There’s more to writing “tween” books than making characters come to life, crafting unique plots, and weaving suspense and humor throughout.
You also have to keep up with the times—what’s cool nowadays? What do nine to thirteen year olds think about? Are you using phrases or similes that relate to them?
This concept became obvious to me a few weeks ago when my husband and I decided to take my kids on a hike in Southern Utah.
We were in an area with lots of natural red-rock formations. Some of them were high up on mountain tops, like the “elephant rock.” Other face-like formations were on the sides of dangerous cliffs. There was one outcropping of rocks on the top of a plateau, however, that was within our reach. By the locals it’s called the “milk bottles.”
“Huh? Milk bottles?” my kids asked. “What are those?”
It’s true. My children have never seen a milk bottle before. To them, milk comes in one gallon plastic jugs at the local grocery store.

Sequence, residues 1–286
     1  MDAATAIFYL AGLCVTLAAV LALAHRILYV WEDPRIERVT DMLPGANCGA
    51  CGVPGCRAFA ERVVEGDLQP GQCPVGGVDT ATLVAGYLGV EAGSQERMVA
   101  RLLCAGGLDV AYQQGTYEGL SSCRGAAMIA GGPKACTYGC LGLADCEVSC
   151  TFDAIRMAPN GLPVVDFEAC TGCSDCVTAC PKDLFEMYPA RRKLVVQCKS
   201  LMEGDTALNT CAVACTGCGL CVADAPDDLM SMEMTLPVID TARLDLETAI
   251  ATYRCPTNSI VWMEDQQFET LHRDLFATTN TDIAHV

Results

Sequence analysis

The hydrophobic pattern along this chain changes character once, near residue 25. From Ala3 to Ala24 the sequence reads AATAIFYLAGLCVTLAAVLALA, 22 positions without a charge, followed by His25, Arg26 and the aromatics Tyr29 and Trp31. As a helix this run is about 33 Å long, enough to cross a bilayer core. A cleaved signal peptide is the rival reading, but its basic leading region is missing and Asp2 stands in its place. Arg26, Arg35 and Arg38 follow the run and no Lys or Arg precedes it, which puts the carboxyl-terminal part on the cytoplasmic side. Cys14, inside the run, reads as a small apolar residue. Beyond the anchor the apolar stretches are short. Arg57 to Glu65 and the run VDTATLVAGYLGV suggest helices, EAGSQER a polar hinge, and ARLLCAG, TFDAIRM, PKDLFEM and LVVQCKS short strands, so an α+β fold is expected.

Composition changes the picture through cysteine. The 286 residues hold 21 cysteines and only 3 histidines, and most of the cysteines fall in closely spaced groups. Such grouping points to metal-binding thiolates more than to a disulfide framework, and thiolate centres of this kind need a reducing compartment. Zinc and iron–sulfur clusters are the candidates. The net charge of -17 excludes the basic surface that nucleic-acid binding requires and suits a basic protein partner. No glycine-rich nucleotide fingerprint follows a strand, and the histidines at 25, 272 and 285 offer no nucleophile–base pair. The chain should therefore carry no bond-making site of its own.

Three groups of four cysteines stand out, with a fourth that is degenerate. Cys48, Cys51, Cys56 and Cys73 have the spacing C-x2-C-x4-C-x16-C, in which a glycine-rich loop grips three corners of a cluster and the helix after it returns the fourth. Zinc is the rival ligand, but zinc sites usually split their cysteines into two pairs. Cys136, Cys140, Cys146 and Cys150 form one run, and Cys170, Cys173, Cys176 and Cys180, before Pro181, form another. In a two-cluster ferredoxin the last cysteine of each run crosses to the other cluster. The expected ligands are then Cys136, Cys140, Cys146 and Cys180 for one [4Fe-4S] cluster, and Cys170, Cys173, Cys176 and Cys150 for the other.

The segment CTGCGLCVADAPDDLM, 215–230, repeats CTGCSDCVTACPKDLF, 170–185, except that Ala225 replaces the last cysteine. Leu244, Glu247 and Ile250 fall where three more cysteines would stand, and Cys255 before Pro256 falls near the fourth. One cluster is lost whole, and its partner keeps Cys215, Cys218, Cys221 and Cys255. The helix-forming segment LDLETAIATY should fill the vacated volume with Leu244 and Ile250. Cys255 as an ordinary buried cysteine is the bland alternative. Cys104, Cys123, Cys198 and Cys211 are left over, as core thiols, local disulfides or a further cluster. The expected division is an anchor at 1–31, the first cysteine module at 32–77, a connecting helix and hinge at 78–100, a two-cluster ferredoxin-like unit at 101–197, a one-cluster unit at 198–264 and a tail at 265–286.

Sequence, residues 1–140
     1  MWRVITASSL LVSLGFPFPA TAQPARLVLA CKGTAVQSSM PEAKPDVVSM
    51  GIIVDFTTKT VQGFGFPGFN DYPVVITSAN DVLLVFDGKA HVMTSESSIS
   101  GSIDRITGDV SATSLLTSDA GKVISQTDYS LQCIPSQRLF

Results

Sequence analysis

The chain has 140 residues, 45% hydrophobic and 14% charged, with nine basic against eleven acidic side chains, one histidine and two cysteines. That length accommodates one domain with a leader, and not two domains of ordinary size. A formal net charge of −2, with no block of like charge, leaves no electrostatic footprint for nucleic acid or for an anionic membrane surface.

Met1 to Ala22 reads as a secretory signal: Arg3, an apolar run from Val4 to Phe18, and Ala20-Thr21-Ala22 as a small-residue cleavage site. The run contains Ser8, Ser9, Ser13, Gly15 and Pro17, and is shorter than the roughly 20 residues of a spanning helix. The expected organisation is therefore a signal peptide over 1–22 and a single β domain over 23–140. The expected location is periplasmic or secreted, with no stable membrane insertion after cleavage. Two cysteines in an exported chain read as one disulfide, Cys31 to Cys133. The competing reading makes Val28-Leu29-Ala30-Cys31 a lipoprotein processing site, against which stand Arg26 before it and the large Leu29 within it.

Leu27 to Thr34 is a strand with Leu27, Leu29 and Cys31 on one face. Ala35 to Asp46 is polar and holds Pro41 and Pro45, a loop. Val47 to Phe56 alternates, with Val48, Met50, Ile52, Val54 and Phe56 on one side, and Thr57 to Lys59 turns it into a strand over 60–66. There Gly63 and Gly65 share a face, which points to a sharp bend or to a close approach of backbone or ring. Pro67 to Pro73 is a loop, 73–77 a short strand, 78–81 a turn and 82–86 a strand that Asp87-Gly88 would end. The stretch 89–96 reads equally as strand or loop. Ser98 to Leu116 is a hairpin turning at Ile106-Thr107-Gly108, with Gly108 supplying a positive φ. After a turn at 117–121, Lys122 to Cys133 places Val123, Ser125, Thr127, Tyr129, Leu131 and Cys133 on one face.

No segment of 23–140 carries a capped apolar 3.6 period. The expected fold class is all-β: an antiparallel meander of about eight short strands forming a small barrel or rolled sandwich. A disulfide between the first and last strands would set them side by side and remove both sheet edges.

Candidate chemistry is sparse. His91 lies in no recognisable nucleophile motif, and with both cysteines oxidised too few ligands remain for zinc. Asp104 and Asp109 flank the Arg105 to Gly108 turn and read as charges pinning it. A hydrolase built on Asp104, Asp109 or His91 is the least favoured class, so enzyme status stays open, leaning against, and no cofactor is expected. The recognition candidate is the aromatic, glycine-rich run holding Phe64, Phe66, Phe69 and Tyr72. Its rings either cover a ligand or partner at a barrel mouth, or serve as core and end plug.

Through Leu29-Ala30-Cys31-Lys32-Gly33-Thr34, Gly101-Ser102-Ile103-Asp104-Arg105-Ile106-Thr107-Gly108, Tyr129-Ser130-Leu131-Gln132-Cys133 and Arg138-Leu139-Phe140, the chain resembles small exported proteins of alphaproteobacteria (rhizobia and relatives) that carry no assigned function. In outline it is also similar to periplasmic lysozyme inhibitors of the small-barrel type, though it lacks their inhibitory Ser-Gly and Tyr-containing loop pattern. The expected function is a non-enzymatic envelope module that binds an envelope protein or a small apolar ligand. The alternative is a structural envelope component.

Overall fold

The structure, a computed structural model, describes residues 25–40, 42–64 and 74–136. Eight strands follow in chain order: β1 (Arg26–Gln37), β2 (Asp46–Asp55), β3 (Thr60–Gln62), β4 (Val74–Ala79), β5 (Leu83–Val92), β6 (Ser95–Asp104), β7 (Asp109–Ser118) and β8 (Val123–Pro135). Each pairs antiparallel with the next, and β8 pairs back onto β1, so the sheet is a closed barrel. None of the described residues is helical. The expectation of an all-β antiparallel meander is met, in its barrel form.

We pointed to where the milk bottles were. They couldn’t see them. We then explained the precise location. Still nothing. Then we did one simple thing that changed their entire perspective.
“Think of them as water bottles,” I said.
“Oh,” my children said, “we can see them now!”
So, in the morning hours of that late summer day, I hiked, with my husband and children, to the “water bottles.”
Fifty years ago kids would have been stumped if you’d called them water bottles. Who drank their water out of bottles? But in 2014, that’s what our kids know.
One word can make all the difference.